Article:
Police cavalry charge at OrgreaveThe reality for others in the myth-making process is different. Her dead heroes lie far from home in the cold, distant Falkland Islands while others feel the shiver here. We may no longer be held to ransom by devastated industrial muscle but that has been replaced by the tyranny of bankers. Our manufacturing base has been replaced by an over praised service sector with its financial muscle. The result? Pauper's funerals increasing at an alarming rate, millions unemployed including over a million young people with little if any hope of a job, home ownership beyond the reach of increasing numbers of young people while out of control bankers ruin the lives of our people, something Herr Hitler failed to do, thanks to Churchill.

The unity that a state funeral would imply is absent. Many whose lives were ruined by Mrs Thatcher would happily picket a state funeral. Common sense should prevail but that is something else in short supply these days. A state funeral is not something to be devalued. Value for money was one of Mrs Thatcher's main tests even if often flawed, but a legacy admirably expressed in this e-petition. 

Wednesday, 21 December 2011

"We are all in this together." (20)


 Source: realsociology

By his own admission Danny Alexander has confirmed that Government attacks on tax-paying public servants (average pension £5,600 compared with his £26,403 if he leaves at the next election before picking up lucrative directorships in the financial sector) has been all about saving billions of pounds for the exchequer rather than affordable pensions. That should help pay for the tax dodging activities of companies who get fat on the rest of us.


Tuesday, 20 December 2011

New Anglicanism



My wife never tires of telling me that men simply do not understand women and have no idea what the church is letting itself in for as feminism invades the church. A startling example of this and what has happened to the Anglican Church in the US  appears in VirtueOnline with:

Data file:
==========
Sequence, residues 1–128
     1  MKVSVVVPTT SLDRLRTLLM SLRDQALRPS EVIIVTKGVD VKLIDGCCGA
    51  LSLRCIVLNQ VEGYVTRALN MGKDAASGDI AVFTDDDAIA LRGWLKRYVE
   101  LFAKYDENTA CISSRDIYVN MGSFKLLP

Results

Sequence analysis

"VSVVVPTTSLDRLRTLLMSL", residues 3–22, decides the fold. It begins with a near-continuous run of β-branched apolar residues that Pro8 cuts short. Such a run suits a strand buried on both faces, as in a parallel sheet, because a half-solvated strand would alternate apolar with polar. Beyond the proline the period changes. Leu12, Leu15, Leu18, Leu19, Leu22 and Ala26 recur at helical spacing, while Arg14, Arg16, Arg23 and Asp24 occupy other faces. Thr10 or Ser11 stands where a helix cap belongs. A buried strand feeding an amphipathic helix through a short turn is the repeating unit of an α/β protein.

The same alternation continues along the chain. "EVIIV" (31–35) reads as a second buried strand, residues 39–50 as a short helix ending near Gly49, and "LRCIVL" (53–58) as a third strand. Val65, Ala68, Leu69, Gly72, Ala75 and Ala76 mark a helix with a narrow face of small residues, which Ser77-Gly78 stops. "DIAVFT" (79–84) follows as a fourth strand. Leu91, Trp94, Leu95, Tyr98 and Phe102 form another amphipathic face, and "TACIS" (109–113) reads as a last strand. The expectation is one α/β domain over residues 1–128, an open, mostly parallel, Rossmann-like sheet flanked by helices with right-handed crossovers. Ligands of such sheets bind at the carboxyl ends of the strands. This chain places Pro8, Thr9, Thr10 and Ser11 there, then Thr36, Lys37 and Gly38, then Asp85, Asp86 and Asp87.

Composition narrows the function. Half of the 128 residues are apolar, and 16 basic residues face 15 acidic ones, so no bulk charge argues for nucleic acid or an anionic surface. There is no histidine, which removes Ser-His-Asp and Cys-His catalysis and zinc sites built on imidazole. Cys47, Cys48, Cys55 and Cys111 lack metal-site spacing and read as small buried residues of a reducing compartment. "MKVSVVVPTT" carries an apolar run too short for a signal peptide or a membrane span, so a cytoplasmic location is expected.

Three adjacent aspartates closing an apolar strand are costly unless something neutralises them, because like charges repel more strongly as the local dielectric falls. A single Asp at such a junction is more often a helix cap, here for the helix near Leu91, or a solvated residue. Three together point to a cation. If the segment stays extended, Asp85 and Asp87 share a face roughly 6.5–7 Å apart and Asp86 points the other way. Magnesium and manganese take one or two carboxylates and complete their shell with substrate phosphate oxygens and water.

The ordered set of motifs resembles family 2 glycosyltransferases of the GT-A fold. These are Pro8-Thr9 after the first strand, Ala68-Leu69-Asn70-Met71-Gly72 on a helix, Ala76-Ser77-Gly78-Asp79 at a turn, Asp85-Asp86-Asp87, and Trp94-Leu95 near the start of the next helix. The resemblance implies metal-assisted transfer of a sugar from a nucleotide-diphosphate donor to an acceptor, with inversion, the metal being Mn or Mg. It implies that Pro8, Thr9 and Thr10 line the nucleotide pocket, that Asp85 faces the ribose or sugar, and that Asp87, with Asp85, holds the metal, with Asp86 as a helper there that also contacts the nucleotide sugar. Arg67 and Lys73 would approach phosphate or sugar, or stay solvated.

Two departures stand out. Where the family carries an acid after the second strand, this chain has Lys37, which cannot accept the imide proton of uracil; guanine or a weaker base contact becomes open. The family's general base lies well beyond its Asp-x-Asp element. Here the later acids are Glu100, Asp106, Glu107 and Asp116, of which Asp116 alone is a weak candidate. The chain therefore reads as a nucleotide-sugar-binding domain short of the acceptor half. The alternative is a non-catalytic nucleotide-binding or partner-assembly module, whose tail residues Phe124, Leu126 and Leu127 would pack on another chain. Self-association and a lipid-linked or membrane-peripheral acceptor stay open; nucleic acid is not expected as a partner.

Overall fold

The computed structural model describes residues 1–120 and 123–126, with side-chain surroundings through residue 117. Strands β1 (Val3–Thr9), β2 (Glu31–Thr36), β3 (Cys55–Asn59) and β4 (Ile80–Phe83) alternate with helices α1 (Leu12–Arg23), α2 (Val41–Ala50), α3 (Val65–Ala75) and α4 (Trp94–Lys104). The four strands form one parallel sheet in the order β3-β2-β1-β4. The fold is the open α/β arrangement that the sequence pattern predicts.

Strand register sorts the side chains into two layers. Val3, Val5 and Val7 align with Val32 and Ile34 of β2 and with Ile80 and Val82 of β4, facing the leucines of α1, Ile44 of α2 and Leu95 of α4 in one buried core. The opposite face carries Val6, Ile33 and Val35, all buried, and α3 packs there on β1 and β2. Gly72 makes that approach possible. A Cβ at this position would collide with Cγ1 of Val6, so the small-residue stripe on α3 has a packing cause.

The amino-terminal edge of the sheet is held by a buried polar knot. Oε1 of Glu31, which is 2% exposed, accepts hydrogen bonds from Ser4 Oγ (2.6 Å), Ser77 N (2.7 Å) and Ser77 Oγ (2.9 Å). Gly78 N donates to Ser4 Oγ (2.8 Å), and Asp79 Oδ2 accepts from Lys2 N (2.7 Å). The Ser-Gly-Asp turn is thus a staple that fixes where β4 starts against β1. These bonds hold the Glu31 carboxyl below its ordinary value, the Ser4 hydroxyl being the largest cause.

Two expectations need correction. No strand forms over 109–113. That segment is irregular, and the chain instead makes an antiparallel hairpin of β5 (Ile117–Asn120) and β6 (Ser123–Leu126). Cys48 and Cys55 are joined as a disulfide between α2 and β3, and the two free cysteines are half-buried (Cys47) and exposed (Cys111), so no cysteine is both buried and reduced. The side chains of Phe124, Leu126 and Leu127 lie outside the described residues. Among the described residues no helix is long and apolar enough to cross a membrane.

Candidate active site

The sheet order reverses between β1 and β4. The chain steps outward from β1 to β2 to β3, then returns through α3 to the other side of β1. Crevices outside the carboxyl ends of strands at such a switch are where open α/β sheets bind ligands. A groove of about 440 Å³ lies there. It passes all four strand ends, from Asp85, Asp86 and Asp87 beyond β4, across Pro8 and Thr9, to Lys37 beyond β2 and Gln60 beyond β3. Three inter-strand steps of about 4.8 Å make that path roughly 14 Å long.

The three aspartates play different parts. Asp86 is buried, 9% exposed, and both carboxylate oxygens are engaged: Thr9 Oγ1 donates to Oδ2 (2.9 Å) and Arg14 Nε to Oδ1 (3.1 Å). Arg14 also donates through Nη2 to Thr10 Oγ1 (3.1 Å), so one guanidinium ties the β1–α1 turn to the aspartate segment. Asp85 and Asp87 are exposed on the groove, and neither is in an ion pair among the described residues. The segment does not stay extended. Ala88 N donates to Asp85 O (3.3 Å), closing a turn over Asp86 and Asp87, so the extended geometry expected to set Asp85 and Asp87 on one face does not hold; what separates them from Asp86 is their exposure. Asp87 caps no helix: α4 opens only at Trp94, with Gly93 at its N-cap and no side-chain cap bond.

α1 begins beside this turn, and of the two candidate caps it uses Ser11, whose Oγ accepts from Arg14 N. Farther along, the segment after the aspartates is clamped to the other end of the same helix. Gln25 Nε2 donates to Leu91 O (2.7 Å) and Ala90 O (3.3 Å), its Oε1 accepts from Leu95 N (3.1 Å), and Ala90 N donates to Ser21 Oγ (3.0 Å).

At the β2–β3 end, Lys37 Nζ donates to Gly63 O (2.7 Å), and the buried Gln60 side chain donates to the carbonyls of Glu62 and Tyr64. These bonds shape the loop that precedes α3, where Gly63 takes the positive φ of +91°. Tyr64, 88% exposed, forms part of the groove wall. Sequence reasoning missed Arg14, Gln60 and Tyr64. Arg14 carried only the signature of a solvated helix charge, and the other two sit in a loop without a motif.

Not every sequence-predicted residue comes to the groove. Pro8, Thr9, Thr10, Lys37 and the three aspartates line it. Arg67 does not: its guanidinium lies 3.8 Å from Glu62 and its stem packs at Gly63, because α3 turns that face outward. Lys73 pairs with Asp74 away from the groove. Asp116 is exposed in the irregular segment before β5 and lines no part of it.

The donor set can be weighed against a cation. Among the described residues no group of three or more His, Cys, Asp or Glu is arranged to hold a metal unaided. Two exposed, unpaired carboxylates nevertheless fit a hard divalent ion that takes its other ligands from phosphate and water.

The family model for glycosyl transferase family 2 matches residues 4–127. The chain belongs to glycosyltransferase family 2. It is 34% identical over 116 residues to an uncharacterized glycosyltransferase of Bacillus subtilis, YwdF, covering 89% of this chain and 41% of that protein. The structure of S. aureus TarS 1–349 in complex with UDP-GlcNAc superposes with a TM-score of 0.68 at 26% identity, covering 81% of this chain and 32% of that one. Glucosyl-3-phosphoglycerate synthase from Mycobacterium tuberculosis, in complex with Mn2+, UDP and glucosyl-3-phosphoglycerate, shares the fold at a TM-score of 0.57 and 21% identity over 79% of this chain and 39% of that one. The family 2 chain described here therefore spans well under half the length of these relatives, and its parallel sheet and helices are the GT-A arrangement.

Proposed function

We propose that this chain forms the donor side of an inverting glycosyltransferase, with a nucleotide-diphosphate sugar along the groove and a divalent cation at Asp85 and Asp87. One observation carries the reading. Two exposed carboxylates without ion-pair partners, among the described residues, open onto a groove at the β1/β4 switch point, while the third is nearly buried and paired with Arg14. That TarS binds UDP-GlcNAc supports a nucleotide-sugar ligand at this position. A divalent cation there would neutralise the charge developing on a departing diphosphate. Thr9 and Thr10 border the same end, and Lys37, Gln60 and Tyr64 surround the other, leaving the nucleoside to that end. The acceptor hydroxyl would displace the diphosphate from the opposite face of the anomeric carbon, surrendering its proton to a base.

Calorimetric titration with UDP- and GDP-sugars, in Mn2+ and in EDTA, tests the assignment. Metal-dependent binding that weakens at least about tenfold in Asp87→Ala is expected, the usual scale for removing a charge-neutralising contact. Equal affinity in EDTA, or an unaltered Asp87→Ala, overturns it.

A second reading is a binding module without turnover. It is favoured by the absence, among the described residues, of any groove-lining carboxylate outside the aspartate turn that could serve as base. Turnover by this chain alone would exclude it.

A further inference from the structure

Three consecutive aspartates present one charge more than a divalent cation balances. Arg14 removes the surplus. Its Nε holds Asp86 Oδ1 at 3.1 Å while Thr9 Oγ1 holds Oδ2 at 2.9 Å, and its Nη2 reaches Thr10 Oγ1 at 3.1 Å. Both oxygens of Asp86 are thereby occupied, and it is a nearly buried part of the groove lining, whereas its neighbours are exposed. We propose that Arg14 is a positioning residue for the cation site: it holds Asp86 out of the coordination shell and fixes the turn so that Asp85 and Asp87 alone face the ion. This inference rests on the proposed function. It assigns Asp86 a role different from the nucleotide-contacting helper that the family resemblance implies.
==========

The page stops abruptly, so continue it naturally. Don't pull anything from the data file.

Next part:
Presiding Bishop Jefferts Schori's Aggression Against Anglican Leaders 

Jefferts Schori attacks Archbishop Rowan Williams with the Charge of Double-Mindedness  


 We have been warned.

Saturday, 17 December 2011

NHS dementia


Photograph: Wpa Pool/Getty Images


All smiles but the reality is different. The latest depressing report illustrates the plight of patients in NHS hospitals with dementia. Can anyone be surprised? There have been endless reports of problems in the NHS and care homes where nurses don't care as they should followed by promises to do something about it but the chances are, unless you are one of the privileged few, you have a high chance of dying in misery in a care home or hospital, disorientated, dirty, dehydrated and thoroughly depressed. Yes, there are pockets of excellence which politicians and the fortunate praise as shining example of the modern NHS but they are far outweighed by reports of poor care by people who seem to regard patients as fodder simply to keep them employed with the minimum of effort. Read about it here, here, here, here, here, here, here, here.... . The reports are endless. In January 2010 Michael Parkinson in his role as the government's dignity ambassador condemned standards in care homes and hospitals as "downright unacceptable". In January 1999 a two-year campaign to improve "shocking levels of ill treatment" for elderly people in hospital began but we are still reading about it more than twelve years later.